Sometimes in spiritual or transformational psychology circles you will hear people saying they don’t like definitions or to define things, or are resistant to the very idea, as it seems like it would deter from knowing the inner meaning, or some vague notion like that…for example that “it’s about the feeling” and can’t be defined, and definitions are too intellectual. This is a misunderstanding and a step backwards.
The fact that some experiences are hard to pin down or explain or communicate the essence of, or to understand rationally, is a different issue that has to do with the limits of language and linear thinking. But as long as we are going to attempt use language to point to truth, clearly communicated definitions are a helpful, if not necessary prerequisite for good communication that will be more likely to lead one closer to understanding (hopefully mutual!).
The purpose of definitions is so that communicators can be on the same page and not go around in circles, thinking they are talking about the same thing when they aren’t.
A definition is simply to state what you mean when you use a particular word (a sound uttered or in the mind). For example one person could say “Let’s go to Mongolia” and another could say the exact same thing, yet the first speaker means the region near China and the other means the restaurant named “The Mongolia” on 23rd street. Some Buddhists use the word “Mind” (or it was translated that way) the same way others use the word “Consciousness”. If you are using the word “mind” to mean “the sum of thinking, feeling, sensations and perception”, and I use “mind” to mean “consciousness, or that which is aware”, then then we are going to get into some confusion and going around in circles unless we define what we mean by the words.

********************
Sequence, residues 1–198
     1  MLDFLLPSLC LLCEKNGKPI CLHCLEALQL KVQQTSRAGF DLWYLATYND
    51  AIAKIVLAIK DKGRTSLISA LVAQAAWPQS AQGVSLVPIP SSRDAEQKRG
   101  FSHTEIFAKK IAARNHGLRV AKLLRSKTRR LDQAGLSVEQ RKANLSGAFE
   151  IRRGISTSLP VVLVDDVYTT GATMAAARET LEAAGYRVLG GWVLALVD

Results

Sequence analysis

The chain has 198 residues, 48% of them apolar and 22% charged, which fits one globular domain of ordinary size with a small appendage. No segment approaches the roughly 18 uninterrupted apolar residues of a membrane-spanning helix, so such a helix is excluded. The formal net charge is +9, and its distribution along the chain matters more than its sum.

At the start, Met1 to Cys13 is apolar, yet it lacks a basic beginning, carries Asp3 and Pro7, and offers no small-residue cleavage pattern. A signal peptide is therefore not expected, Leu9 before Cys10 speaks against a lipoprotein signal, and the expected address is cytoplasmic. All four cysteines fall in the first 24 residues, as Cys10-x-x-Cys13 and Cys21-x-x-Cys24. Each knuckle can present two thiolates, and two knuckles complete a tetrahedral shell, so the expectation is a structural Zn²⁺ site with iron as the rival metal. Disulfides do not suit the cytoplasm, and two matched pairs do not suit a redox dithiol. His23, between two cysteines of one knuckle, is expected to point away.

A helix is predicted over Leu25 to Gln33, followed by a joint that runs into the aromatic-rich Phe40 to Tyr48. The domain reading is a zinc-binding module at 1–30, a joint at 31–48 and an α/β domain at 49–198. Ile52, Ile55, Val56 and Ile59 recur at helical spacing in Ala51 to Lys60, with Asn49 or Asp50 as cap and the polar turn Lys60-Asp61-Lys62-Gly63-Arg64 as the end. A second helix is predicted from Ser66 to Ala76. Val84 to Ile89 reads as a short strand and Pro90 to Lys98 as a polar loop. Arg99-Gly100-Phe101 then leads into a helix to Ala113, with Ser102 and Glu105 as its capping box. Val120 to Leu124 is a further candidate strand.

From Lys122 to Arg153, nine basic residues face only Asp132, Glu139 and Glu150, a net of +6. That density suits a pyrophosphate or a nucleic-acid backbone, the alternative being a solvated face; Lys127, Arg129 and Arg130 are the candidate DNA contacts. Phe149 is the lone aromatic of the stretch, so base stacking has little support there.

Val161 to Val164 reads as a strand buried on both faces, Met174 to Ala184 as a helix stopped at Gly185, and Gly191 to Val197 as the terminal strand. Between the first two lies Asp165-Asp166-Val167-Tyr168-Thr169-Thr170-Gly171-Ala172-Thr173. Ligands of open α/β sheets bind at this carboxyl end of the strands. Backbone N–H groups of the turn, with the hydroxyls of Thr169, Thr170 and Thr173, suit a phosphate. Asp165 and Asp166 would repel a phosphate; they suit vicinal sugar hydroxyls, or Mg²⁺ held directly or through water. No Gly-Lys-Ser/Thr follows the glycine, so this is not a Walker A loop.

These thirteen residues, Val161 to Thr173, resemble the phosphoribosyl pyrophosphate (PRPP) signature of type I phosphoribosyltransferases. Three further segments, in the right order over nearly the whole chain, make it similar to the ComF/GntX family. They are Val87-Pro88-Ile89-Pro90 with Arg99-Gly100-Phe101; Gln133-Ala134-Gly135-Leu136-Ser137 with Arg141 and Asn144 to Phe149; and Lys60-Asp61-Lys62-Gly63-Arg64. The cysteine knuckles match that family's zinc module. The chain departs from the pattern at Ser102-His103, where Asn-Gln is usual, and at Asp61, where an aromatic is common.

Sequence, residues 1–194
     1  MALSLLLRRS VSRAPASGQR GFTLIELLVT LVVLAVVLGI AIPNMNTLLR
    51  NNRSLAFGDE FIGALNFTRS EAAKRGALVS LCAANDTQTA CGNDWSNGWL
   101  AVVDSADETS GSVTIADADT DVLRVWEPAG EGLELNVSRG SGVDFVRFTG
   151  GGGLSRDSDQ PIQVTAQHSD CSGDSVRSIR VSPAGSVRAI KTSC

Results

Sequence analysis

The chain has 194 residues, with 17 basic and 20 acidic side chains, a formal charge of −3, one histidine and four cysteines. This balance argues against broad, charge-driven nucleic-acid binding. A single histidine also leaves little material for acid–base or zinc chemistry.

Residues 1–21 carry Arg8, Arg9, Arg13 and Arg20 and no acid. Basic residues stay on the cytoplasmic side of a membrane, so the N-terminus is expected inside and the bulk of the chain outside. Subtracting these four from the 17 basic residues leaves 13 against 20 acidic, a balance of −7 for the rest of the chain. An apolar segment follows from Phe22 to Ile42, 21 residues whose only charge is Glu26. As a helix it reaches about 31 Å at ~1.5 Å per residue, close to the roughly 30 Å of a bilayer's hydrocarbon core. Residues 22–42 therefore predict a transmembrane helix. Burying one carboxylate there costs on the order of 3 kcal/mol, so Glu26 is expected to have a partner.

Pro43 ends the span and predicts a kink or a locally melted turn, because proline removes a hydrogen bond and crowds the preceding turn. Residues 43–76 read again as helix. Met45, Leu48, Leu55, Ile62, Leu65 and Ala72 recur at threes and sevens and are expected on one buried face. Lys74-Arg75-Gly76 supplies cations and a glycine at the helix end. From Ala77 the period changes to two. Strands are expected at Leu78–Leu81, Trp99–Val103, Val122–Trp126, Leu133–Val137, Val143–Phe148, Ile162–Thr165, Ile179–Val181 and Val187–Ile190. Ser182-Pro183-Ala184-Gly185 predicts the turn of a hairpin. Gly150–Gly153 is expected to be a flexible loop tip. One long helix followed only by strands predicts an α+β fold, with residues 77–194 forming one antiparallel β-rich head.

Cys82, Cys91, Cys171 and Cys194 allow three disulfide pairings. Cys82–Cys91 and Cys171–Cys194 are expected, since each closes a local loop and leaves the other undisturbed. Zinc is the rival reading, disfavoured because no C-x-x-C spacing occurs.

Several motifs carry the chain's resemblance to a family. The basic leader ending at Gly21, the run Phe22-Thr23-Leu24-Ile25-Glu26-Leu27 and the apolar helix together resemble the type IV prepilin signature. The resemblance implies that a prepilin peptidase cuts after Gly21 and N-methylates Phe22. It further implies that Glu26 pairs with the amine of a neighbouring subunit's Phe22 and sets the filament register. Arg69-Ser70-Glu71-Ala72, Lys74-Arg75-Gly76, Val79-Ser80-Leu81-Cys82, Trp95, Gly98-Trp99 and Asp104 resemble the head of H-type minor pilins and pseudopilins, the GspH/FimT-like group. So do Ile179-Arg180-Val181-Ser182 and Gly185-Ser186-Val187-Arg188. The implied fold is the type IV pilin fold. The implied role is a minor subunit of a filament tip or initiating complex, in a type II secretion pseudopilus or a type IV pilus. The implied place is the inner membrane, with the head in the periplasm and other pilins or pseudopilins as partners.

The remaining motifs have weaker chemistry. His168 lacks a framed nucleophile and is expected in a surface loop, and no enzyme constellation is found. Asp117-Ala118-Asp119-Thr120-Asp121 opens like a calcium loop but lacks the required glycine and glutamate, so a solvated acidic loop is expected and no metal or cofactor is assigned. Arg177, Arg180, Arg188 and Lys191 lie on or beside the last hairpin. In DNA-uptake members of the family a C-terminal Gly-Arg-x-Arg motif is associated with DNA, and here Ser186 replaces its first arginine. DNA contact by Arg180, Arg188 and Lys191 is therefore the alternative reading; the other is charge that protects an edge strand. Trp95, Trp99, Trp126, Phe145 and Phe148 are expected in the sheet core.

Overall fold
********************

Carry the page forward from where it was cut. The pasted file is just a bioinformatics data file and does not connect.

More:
It’s about clarity and communication, that is all.
Keep in mind, words do not have any true essence. They have an origin is history (which is in reality the present, in the form of internal and external memories): an etymology that can help illuminate a meaning in the context of a use. For example the historical origin of the word “etymology” is, like many words, from Latin or Greek roots forms originally, and the roots in this case are roughly:
-logia “study of, a speaking of” (see -logy) + etymon “true sense, original meaning,” (https://www.etymonline.com/word/etymology#etymonline_v_11669)
But as far as true meaning, no, there is none, and therefore “true meanings” can be argued forever and go nowhere. The sounds of words are arbitrary (and historical) in relation to their aboutness, and meanings are made up (images, imagination). It’s a mind game, Maya. Everything is contextual and shifting as far as human meanings. Ultimate meanings can’t be captured or stored in words (sounds and their representations). Like anything in the world (as contrasted with reality), words only have all the meaning we give the them.
The Tao that can be told is not the eternal Tao.
The name that can be named is not the eternal name.